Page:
I have held Algonquin Power & Utilitties Corp for almost 2 years now. As it was going down, I was adding but I stopped adding to it after a few times.
Today, the market landscape is different. It’s not about what I think of AQN anymore but how it compares to all the other stocks impacted by the economic situation we are in.
I ran some numbers, and across all 262 dividend stocks tracked with the Canadian Dividend Snapshot Screener, 58% of them are near the 52-week lows.
That’s why my portfolio is down and why most investors have a lower portfolio than last year. However, being down is not a reason to take action.
I have money invested, I need to ask if there is a better option. It’s just that simple. AQN is not the only stock I review but for today, it’s about assessing if I can have a better holding than AQN.
Why BNS over AQN?
I have resisted adding more banks for a long time but I can’t ignore the current situation. It is reminescent of 2009.
The current Scotia Bank yield and low PE is what makes BNS more attractive than AQN. Both have a similar dividend yield as of today. In my book, BNS is a less risky holding today than AQN overall and I increase my income by a little.
|10 -Year Dividend Growth||8.99%||5.79%|
|Dividend Payout Ratio||133.38%||45.72%|
Should I Add More Banks?
Do I not have enough Canadian bank stocks? I have 14% in the Canadian banks and I am going to add another 2.8% for a total of 16.8% in the banks.
Am I CRAZY?
Depending on how you approach your portfolio, you may have a limit of 10% in a sector or 2% in a stock, but I don’t. I don’t follow hard lines anymore.
What about DIVERSIFICATION?
Is Warren Buffett diversified? How do you establish what diversification is? What is good enough? and what isn’t enough?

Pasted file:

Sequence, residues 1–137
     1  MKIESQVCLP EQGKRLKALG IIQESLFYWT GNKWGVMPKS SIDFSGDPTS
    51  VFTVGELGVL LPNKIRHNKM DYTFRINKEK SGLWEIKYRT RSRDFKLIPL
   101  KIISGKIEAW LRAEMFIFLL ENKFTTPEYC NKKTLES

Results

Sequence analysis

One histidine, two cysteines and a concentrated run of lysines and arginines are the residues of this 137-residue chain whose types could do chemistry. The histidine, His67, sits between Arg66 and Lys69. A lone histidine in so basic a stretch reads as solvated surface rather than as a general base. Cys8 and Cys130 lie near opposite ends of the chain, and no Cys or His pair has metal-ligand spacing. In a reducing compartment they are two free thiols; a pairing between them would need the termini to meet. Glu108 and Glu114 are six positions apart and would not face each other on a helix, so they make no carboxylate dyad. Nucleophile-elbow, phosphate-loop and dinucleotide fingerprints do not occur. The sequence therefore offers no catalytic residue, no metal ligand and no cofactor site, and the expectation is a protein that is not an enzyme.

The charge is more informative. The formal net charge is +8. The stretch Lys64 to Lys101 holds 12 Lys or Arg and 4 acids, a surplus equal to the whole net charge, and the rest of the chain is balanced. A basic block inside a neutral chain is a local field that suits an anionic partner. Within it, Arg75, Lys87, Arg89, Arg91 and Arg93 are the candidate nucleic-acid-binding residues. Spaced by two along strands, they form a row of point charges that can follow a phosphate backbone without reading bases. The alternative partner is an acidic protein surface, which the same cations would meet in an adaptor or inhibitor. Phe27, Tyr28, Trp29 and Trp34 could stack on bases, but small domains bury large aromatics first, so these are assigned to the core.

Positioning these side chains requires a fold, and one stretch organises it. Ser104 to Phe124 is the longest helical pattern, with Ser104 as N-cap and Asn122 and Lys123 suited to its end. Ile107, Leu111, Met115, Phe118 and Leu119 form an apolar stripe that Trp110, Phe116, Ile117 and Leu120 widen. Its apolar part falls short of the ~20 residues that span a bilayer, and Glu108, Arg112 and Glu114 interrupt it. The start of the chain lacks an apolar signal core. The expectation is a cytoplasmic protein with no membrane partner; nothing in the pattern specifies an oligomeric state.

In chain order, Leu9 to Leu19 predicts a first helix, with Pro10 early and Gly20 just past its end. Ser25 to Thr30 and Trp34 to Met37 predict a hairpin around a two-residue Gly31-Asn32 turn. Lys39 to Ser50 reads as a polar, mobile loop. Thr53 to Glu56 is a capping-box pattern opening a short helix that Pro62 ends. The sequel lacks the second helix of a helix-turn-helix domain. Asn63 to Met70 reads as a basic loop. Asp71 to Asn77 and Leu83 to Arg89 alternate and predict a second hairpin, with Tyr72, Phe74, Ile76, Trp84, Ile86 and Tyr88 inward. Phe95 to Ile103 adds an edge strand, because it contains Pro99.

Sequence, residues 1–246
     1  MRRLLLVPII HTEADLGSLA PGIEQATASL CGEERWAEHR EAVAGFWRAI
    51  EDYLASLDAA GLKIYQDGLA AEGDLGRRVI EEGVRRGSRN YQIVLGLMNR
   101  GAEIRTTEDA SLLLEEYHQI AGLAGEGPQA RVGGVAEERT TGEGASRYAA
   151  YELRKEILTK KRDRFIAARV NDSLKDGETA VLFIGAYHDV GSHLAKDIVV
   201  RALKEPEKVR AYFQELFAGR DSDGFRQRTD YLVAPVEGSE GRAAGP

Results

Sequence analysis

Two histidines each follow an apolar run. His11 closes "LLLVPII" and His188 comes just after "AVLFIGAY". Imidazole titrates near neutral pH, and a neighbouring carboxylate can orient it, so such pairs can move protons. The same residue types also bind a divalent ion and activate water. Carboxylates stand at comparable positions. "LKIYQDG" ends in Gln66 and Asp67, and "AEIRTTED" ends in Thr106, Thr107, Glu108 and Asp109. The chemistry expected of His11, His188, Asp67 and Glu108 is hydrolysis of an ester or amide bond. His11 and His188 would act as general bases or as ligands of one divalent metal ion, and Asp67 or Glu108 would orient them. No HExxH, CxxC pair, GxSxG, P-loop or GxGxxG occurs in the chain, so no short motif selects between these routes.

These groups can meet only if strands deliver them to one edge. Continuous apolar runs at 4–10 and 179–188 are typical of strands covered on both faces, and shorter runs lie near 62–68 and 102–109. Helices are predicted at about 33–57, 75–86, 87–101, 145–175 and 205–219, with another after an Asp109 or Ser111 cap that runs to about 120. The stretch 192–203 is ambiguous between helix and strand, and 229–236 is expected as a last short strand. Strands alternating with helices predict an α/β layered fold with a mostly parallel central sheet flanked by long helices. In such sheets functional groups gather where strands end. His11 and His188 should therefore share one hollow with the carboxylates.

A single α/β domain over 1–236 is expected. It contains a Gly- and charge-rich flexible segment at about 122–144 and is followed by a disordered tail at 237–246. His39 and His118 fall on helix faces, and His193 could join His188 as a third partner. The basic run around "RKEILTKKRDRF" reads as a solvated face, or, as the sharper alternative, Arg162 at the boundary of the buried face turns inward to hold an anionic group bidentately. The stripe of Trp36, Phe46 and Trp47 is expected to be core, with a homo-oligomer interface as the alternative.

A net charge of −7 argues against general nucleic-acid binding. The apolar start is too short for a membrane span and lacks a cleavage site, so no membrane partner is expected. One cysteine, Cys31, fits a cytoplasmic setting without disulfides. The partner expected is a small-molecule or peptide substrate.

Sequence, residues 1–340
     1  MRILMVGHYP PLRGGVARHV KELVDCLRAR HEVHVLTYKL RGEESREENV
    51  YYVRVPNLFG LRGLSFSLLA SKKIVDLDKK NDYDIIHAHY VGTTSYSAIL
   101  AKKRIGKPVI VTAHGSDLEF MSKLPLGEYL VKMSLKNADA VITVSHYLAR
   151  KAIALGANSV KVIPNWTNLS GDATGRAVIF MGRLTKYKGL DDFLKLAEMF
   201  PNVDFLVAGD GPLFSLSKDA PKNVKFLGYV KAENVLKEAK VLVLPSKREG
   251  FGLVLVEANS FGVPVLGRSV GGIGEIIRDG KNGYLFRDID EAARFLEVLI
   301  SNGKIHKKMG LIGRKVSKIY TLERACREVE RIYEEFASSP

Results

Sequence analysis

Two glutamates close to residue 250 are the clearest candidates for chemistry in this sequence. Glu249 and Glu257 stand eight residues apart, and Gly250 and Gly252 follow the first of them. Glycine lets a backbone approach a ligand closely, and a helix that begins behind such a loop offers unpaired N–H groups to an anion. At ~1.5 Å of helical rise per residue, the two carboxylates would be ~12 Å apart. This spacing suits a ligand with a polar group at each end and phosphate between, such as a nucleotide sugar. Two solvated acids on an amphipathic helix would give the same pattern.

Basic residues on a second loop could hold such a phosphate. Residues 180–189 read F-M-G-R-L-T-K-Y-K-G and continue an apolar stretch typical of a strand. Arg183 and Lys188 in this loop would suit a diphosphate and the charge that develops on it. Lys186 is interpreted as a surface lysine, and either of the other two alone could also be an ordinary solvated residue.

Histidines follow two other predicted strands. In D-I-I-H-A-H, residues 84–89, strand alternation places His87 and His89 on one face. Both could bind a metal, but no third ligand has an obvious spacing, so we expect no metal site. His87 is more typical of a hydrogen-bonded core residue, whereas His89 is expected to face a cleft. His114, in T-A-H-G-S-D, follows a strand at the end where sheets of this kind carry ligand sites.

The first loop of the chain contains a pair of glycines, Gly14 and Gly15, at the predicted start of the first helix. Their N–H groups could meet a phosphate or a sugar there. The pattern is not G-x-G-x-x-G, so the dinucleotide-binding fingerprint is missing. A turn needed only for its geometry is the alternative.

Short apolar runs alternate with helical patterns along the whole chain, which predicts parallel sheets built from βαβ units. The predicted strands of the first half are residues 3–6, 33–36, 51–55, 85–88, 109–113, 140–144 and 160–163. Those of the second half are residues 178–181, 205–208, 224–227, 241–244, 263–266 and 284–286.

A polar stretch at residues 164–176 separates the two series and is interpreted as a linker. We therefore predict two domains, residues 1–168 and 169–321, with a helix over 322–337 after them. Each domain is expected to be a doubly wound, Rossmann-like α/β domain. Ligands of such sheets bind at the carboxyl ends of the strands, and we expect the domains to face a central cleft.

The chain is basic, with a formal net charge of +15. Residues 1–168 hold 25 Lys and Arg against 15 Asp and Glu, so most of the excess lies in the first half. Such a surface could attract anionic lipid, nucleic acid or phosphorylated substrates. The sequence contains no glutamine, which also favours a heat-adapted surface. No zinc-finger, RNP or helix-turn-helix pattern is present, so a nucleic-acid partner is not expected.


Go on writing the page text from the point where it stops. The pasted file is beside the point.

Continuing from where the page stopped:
It’s all about your confidence. Your confidence in keeping your emotions in check, and in knowing the companies you hold in your portfolio (knowing the businesses and their revenue streams, not the financials).
As you know, I do track my diversification as you can see below but there aren’t any religious numbers. Let’s be honest, Canada doesn’t offer much to diversify a portfolio …
Sector diversification; while often used in diversification topics, the simplification of using serctor is flawed. So many tech companies are now part of the Communication Services sector for example. The reclassification did not change what the companies did … it just made the indexes work better.
Is VISA a technology company? or a financial company? VISA doesn’t take a single risk with lending, it just provides a technology service to financial institutions and takes a cut out of every transactions.
True technical diversification can only be accomplished through index ETFs. Aside from that, diversification is how you perceive it.
Do you have cash? bonds? or just stocks? Is that diversified if you don’t have cash or bonds? Don’t answer that.
You see, diversification is what you make of it in order to feel confident about your strategy.
Why Not Add To An Existing Bank?
I don’t have a problem adding to my existing holdings but in this case, the account in question is a non-registered account and I want to increase the yield by selecting BNS instead of lowering my yield from AQN to RY for example.
This begs the question about selling my other banks and buying more BNS? Why not?
It doesn’t mean the other ones are bad, it just means that for a total return, I see the ones I hold as having more potential. I also see Canadian banks as the bedrock of my portfolio and would rather not change those.
While I have a lot of banks, today’s economic situation is slightly different, and I have to take advantage of the opportunity to optimize my holdings.
My non-registered account is not a dividend growth account. I want a yield above 5% if I can with a dividend growth over 5% to keep up with inflation.
Does the trading cost matter? No. The dividend will cover that very quickly.
Image and article originally from dividendearner.com. Read the original article here.